Indeed, single-value enums are the way to fix parameters. It worked for swagger-ui to pass query params in the path element but I agree this is not standard. I'll update the sample app.

I'll also update the sample to output the responses field. Here also, it worked with swagger-ui but better be fully spec compliant !

I'll change "verb" to "method" which is more correct (although I've yet to see an HTTP method which is not a verb 😄).

But I think RMM REST level 2 APIs are still RPC. GET /api/users/ conveys the exact same semantics as getUsers. Separating the resource and the verb into distinct fields of the request doesn't change that. The best proof is that it's possible to generate client SDKs that do the translation for a given programming language. Another proof that it's easy to replace these APIs any time with another RPC (gRPC, SOAP, etc...). And I think that was the point of Fielding's rant. Note that I don't say RPC is inferior (I love gRPC), just that it's not REST as defined by its author. Anyway, I know that the battle is lost and that REST level 2 is now REST. So that's just historic details. As we say, "usage is law".

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mikeralphson profile image
Mike Ralphson

Thanks for the reply, as I said I do find this approach interesting and worthwhile. I blogged about returning partial OAS documents here: dev.to/mikeralphson/the-hypermedia...

If you use single value enums, won't you hit the problem of clashing (identically-defined) pathItem keys? How would you distinguish them? Hence my suggestion to dynamically build the enum lists based on allowable values for the parameter (maybe within a page range etc to prevent the list being too large).

Fielding (2000) says: (In section 6.5.2 'HTTP is not RPC') "What makes HTTP significantly different from RPC is that the requests are directed to resources using a generic interface with standard semantics that can be interpreted by intermediaries almost as well as by the machines that originate services. The result is an application that allows for layers of transformation and indirection that are independent of the information origin, which is very useful for an Internet-scale, multi-organization, anarchically scalable information system. RPC mechanisms, in contrast, are defined in terms of language APIs, not network-based applications." For example, HTTP APIs are generally cacheable, RPC mechanisms generally are not.

"HEAD" and "OPTIONS" are the two obvious non-verb standard HTTP methods. :)

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cbornet profile image
Christophe Bornet Author

I blogged about returning partial OAS documents

"Great minds think alike" 😃

If you use single value enums, won't you hit the problem of clashing (identically-defined) pathItem keys?

Yes. That's a problem of OAI using a map for pathItems. I could have chosen to directly reference an array of pathItems in controls but then it wouldn't be 100% compatible with existing tools and libs (eg. swagger-ui) which is I think a strength ot the OHM format. Eg in the paging implementation, you can have 2 links with the same path+method (eg. "first page" and "previous page"). I worked around it by setting a fragment in the path to distinguish the 2 affordances. This fragment being ignored server-side. The problem of an enum list is that if you have several params, you don't know which combination of enum is allowed. And I don't see how to associate an affordance (eg. "first page") to an enum value.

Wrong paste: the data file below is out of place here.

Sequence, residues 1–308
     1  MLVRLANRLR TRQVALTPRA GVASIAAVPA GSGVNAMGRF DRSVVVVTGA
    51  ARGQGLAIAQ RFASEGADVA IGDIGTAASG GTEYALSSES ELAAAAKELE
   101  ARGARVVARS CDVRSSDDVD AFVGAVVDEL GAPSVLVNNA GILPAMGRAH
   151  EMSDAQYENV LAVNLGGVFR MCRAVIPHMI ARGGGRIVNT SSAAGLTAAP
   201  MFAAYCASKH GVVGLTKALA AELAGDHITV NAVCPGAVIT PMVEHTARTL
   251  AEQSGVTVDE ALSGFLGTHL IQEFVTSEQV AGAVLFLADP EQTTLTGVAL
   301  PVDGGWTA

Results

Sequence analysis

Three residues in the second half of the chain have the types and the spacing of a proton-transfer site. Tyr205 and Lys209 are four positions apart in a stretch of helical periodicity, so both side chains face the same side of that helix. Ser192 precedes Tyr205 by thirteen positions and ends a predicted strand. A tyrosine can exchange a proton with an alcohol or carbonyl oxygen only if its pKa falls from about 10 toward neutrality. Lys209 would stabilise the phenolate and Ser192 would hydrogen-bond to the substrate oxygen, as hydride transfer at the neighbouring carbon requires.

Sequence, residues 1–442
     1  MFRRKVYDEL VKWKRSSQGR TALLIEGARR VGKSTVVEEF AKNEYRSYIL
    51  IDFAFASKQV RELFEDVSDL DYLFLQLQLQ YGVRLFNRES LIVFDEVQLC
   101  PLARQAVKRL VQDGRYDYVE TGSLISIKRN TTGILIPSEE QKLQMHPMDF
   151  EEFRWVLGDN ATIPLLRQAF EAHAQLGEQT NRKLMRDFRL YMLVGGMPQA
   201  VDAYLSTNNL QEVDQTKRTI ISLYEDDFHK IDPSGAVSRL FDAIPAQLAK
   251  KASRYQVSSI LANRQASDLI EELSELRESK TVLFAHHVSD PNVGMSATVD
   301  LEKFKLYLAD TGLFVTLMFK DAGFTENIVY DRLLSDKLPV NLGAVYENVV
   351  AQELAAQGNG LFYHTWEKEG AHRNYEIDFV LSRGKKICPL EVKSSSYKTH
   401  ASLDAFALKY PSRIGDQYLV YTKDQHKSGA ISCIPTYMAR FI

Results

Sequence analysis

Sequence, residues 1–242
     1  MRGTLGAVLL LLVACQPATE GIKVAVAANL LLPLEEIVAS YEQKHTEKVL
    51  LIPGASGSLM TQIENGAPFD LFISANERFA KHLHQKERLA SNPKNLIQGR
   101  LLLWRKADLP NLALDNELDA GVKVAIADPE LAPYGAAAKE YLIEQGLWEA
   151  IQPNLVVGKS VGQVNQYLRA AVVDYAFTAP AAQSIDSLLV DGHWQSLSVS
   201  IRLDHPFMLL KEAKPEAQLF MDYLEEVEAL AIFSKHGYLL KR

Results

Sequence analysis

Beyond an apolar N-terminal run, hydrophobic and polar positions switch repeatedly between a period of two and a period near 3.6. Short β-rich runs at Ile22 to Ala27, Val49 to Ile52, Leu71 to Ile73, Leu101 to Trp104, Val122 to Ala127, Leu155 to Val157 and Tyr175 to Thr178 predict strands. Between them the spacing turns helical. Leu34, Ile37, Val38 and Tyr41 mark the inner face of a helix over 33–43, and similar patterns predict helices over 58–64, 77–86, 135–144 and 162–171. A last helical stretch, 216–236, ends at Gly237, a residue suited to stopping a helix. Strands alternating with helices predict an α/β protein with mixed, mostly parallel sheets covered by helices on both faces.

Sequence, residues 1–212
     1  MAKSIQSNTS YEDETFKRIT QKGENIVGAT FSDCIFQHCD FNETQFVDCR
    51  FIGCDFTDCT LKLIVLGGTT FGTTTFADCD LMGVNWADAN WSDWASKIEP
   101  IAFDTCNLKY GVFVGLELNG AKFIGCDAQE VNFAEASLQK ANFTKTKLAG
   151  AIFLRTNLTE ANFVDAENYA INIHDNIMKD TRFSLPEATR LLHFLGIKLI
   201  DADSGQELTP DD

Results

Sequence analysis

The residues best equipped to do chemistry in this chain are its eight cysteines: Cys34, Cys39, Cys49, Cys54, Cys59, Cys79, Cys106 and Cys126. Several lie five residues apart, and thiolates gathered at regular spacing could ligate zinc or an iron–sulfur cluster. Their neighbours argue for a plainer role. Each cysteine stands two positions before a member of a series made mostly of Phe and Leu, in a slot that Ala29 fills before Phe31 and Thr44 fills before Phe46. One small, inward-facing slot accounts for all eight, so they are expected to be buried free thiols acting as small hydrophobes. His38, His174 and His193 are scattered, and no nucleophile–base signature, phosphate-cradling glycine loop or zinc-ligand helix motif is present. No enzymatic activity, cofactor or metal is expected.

I opened github.com/cbornet/ohm/issues/1 to track this issue.

Fielding (2000) says: (In section 6.5.2 'HTTP is not RPC')

If Roy says it, I guess this is it ... 😅 . But we still call procedures remotely...

"HEAD" and "OPTIONS" are the two obvious non-verb standard HTTP methods. :)

I should get some sleep 🤦...

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epaul profile image
Paŭlo Ebermann

Hi, this is an interesting idea.

Unfortunately, providing all the actions dynamically in the "controls" field seems to be limiting the use of this to quite generic, interactively used tools (as far as I can see) like your OHM browser, and therefore likely won't fit for the majority of HTTP APIs out there.

As you've linked here from OpenAPI-Spec #577, you of course know my point of view here: As a client programmer, I would like to have the available operations (or at least a set of which operations could be available) at "client implementation time", not just at runtime, so I can build my code around this – both for custom UIs (e.g. a customer care UI for your customers/orders example), and for server-side-only API usage (e.g. actually processing the order, by triggering the shipment in the warehouse).

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cbornet profile image
Christophe Bornet Author

Hi Paulo,

What you're describing, getting available operations at "client implementation time", is indeed not HATEOAS and is not the purpose of OHM. For this there is the static "links" field of OpenAPI.
As I tried to say in the blog, HATEOAS is not a good fit for external applications using the API as a library since the application state is not in the API but in the client consuming it.
So generally you would use HATEOAS for your own web applications, not for external ones and not for micro-services.
For documentation, the advantage is providing navigability of the doc which can bring more context than the "links" object of OpenAPI.
Also, one of the advantages I'm seeing on the project I'm working on is that with the OHM-browser, we can provide a usable UI for the application before the front-end is ready.